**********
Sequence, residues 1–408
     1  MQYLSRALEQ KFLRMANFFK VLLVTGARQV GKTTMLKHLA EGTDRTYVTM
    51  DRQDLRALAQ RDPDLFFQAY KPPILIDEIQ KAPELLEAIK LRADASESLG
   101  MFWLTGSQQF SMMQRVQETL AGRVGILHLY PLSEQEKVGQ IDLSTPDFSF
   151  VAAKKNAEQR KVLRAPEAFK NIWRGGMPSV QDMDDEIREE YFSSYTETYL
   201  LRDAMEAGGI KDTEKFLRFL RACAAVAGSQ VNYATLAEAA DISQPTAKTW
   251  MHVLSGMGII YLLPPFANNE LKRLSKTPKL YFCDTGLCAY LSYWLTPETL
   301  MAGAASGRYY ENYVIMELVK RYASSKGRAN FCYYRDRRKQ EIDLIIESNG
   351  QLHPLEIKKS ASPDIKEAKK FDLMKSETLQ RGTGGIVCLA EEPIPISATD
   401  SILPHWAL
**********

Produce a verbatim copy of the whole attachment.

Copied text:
Sequence, residues 1–408
     1  MQYLSRALEQ KFLRMANFFK VLLVTGARQV GKTTMLKHLA EGTDRTYVTM
    51  DRQDLRALAQ RDPDLFFQAY KPPILIDEIQ KAPELLEAIK LRADASESLG
   101  MFWLTGSQQF SMMQRVQETL AGRVGILHLY PLSEQEKVGQ IDLSTPDFSF
   151  VAAKKNAEQR KVLRAPEAFK NIWRGGMPSV QDMDDEIREE YFSSYTETYL
   201  LRDAMEAGGI KDTEKFLRFL RACAAVAGSQ VNYATLAEAA DISQPTAKTW
   251  MHVLSGMGII YLLPPFANNE LKRLSKTPKL YFCDTGLCAY LSYWLTPETL
   301  MAGAASGRYY ENYVIMELVK RYASSKGRAN FCYYRDRRKQ EIDLIIESNG
   351  QLHPLEIKKS ASPDIKEAKK FDLMKSETLQ RGTGGIVCLA EEPIPISATD
   401  SILPHWAL